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Brexit and EU Enlargement Policy

Gëzim Visoka (Dublin City University)

The EU’s enlargement policy has been one of the central pillars in managing the relations with surrounding neighbours and a powerful stimulus for extending democratic and economic reforms in countries who currently aspire to join the EU or have a potential perspective in the future. For over a decade, the EU’s enlargement policy in the Western Balkans and its eastern and southern neighbourhood policies have played a crucial role in reconstructing states and societies shattered by violent conflicts, regime change, and underdevelopment. As 2014, Enlargement Strategy states: “The EU’s enlargement policy contributes to mutual benefits of peace, security and prosperity in Europe. It reinforces the EU’s political and economic strength and has a powerful transformative effect on the countries concerned.” However, the EU’s enlargement policy has been an experiment in the making, which has constantly changed the criteria and conditions that aspiring states have had to meet in order to join the EU. As much as it has enshrined normative and policy consistency, the enlargement policy has also served as a geopolitical instrument to advance EU’s and its member state interests.

While the prospects for the enlargement of the EU in the Western Balkans became grim with the arrive of Juncker’s Commission in 2014 – mostly driven by refugee crisis and the rise of far-right across Europe – Brexit has served as a catalyst and to a certain extent and excuse to lament EU’s enlargement process for a foreseeable future. Notably, the EU’s intense negotiations with the UK on the withdrawal process have pushed away the attention of the EU from the Western Balkans, which has weakened its transformative power and undermined the credibility of enlargement policy. For decades, the United Kingdom was a strong supporter of Western Balkans’ accession to the EU and has served as vital balancer between the competing agendas of Germany and France over the region. The UK has also played a major role in supporting conflict resolution, political and security reforms, and jointed responses to emerging threats. Internally, Brexit has exposed the possibility of disassociation within the EU and thus it has consumed considerable attention on managing and handling fragmentation within the existing structures before considering extending membership to other aspirant countries. Moreover, the rise of authoritarianism among the Eastern bloc, especially in Hungary and Poland, has alarmed the rest of the EU member states about the potential implications of including the Western Balkan countries for the stability and prosperity of the Union.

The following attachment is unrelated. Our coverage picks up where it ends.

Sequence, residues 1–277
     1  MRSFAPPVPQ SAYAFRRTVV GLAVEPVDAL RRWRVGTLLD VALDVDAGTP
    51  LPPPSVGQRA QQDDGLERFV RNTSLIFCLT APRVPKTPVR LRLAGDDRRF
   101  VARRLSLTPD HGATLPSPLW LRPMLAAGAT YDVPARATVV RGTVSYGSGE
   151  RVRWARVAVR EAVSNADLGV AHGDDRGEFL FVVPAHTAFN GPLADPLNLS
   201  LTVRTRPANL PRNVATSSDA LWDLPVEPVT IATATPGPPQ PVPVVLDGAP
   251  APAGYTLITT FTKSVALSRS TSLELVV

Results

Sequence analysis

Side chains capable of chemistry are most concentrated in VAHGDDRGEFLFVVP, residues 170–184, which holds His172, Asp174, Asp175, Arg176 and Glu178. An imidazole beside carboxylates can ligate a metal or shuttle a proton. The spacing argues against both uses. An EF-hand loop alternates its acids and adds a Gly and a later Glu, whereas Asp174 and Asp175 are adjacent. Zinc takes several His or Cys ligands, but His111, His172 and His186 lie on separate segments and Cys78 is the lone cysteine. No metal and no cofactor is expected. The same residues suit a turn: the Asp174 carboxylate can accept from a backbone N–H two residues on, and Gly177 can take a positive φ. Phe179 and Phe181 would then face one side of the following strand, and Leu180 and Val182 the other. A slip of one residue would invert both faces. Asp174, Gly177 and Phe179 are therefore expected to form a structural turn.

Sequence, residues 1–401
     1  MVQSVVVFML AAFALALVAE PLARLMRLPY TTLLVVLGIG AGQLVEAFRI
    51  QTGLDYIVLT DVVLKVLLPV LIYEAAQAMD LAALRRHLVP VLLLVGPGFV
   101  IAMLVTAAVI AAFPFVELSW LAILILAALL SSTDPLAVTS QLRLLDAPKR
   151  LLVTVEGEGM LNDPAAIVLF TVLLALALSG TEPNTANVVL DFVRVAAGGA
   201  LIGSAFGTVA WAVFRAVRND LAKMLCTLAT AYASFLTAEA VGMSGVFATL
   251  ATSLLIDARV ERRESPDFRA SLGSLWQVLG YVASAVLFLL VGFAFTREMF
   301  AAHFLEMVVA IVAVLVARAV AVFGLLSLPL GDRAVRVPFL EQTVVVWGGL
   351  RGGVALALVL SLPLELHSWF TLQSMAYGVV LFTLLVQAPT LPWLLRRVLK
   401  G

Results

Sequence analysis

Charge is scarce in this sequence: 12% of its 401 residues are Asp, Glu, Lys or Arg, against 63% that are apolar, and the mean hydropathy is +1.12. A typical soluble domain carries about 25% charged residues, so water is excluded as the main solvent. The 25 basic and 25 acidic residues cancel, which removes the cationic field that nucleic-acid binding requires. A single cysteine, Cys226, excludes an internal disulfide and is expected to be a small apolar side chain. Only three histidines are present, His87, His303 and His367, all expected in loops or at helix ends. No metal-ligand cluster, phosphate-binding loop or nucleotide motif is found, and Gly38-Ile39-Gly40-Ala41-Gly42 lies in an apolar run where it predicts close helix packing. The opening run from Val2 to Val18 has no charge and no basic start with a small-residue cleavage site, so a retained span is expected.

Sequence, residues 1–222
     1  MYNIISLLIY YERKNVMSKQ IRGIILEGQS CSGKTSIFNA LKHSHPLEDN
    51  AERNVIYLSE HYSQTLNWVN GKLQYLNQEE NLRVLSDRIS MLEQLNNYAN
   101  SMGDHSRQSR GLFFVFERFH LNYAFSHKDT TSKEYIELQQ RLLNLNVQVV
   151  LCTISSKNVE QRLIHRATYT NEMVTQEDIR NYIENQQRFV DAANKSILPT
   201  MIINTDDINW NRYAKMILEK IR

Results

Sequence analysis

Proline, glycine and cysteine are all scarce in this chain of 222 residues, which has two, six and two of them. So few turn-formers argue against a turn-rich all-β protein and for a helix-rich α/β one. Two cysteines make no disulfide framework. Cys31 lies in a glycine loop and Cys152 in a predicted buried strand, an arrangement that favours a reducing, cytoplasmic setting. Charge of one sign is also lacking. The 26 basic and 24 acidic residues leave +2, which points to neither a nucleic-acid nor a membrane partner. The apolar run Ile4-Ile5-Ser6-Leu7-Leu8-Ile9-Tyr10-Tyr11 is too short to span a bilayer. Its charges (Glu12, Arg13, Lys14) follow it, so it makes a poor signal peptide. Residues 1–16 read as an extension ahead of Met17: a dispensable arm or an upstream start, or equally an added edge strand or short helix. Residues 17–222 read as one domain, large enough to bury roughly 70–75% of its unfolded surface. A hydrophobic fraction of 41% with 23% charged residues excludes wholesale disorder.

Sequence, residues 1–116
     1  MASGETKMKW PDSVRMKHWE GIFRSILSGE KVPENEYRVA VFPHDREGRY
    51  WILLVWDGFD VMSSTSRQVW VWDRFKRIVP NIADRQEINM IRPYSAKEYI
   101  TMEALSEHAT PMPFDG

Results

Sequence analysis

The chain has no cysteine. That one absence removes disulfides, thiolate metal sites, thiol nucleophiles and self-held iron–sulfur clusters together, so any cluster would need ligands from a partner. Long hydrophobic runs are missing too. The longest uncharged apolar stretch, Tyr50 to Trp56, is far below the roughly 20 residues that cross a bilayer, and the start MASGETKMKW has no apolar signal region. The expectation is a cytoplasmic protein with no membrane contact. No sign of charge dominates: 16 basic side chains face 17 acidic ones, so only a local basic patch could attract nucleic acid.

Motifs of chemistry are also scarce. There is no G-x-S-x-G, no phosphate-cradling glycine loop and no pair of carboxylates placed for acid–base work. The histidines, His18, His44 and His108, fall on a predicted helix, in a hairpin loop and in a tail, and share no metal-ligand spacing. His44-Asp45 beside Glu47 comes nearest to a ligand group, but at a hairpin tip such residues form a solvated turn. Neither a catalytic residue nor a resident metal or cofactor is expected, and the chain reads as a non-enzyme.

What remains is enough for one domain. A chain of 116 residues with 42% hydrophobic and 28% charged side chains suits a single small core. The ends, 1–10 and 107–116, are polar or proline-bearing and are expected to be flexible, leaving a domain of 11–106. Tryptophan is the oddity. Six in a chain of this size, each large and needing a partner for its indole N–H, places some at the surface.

However, it would be misleading to blame Brexit for stalling the EU’s enlargement process. Beyond the short-term dynamics shaped by Brexit, the problem is EU’s conditionality policy in the Western Balkans which is so broad and constantly changes the scope and targets of required democratic and economic reforms. Short of internal consensus among the member states, the EU’s policy in the Western Balkans is increasingly looking similar to that on Turkey. The access talks with Turkey began in 2005 and since then there has been limited advancement, partially due to Turkey’s drifting back to authoritarianism and EU’s expansion of conditionality and complication of accession criteria. Similarly, the EU’s enlargement policy towards the Western Balkans over time has evolved into a containment policy. The containment policy has aimed to manage the expectations of the Western Balkan countries while ensuring their compliance and cooperation with EU’s agenda on regional stability, peace, and security. As part of this containment policy, the EU tends to drag and prolong the accession process without a clear membership timeline. Montenegro has opened the accession talks in 2012 and so far is the front runner in the accession process. Similarly, Serbia has opened the accession talks in 2013 but its progress has been slow, largely due to the rise of authoritarianism in the country and slow progress in the normalization of relations with Kosovo. In 2019, the EU failed to open accession negotiations with North Macedonia and Albania due to disagreement among EU member states, especially France and the Netherlands Bosnia and Herzegovina and Kosovo have not yet opened the accession talks and are caught in different stages of the stabilization and association process.